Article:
The federal funds and matching funds support local and regional centers that belong to a network based on 62 host institutions. Of the 62, six operate through the economic development departments of state governments. They’re in Indiana, Illinois, Ohio, West Virginia, Minnesota and Colorado. The rest of the host institutions are mostly universities or community colleges. Some are based in economic development agencies.
One can think of the regional centers as something akin to corporate headquarters and the local centers as retailers, says Nye, who administers the Southern California regional center. The local centers under his regional’s jurisdiction are located in only three counties but pull in the sixth-largest share of funding because of Southern California’s huge population, he notes.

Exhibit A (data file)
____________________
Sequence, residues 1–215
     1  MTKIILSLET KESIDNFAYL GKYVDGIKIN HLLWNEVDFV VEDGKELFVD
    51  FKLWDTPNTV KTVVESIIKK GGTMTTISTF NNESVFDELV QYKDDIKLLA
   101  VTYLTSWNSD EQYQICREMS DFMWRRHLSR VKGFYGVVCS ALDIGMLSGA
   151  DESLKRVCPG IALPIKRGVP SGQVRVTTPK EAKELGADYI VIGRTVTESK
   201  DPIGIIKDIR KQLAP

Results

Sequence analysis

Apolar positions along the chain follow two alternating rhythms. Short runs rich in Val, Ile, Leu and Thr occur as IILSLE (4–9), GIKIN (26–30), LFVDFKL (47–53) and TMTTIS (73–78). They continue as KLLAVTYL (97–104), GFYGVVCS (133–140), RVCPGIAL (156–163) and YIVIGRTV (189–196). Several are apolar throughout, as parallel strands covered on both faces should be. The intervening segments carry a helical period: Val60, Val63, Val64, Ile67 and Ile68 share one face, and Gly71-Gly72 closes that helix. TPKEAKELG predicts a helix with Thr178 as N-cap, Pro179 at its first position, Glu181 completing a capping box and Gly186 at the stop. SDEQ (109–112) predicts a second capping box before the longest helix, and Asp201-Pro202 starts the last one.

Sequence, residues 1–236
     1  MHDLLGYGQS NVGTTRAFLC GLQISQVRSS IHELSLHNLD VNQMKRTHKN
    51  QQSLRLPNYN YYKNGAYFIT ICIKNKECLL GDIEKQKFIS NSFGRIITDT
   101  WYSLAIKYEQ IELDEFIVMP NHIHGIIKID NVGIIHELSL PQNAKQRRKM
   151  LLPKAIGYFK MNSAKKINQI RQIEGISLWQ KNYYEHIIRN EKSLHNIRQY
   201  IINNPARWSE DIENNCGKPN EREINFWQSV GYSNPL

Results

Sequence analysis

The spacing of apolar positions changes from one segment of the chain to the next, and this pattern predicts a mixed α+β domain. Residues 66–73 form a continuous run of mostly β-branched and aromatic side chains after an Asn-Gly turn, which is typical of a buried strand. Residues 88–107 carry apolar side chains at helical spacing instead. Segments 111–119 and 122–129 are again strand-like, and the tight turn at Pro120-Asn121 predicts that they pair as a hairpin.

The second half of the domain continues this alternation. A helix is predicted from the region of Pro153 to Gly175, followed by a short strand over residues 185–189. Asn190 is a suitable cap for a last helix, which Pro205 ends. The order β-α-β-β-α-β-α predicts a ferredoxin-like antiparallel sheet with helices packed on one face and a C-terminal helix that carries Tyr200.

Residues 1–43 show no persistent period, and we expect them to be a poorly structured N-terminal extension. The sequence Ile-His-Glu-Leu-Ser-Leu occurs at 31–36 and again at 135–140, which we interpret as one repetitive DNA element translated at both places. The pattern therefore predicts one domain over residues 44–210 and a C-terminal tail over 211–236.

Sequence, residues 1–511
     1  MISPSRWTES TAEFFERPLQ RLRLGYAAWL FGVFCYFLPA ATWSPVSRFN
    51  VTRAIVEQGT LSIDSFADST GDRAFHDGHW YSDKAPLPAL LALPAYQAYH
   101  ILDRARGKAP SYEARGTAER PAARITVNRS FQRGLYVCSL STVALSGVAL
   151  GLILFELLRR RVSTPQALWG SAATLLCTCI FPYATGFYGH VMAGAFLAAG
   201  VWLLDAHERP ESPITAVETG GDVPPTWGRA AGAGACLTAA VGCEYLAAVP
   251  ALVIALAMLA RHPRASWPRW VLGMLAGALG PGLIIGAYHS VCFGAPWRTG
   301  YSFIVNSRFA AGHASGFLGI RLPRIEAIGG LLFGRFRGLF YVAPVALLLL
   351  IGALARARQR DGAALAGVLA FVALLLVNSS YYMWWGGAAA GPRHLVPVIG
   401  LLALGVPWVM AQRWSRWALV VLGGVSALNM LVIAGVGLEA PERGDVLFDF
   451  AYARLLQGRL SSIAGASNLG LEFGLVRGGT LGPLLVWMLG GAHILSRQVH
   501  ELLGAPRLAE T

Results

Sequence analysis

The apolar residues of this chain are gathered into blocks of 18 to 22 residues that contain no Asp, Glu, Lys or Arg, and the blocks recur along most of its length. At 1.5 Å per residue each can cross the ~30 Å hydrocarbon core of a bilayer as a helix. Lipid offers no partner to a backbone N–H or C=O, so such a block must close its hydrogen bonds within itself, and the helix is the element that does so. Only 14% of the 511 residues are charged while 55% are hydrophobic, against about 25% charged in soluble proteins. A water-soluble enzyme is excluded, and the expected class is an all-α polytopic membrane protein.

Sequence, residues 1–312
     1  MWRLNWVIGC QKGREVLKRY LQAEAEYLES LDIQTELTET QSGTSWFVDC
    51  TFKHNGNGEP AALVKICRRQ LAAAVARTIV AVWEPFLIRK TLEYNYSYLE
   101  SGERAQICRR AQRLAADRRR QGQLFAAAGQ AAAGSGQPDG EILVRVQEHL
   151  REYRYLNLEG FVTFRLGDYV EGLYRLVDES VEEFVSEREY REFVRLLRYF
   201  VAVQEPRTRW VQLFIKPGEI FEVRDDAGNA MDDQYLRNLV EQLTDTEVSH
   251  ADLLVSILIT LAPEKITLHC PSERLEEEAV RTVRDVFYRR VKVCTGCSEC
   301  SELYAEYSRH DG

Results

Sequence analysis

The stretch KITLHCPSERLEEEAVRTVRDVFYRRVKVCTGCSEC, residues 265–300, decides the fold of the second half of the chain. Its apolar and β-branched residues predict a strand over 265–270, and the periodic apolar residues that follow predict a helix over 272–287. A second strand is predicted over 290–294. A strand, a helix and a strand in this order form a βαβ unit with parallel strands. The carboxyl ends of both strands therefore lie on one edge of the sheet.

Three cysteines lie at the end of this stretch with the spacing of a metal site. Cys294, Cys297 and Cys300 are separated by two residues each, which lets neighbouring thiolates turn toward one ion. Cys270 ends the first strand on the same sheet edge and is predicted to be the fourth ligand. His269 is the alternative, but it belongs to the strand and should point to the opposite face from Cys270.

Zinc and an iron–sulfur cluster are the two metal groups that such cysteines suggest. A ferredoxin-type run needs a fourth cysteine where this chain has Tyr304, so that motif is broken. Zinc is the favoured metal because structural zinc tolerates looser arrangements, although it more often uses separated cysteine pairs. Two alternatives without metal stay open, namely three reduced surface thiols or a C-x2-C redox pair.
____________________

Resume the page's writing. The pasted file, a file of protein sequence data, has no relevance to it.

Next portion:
The local service centers provide training and consulting for entrepreneurs starting or expanding their enterprises. About 60 percent of the clients are already in business. Of the 40 percent who don’t own a business, about half launch one after receiving assistance from an SBDC, Ettenson says.
The centers don’t charge for consulting services, and the fees for training are just large enough to cover expenses. The training fees usually remain in the centers that provide the instruction where they’re used to cover expenses like buying computers.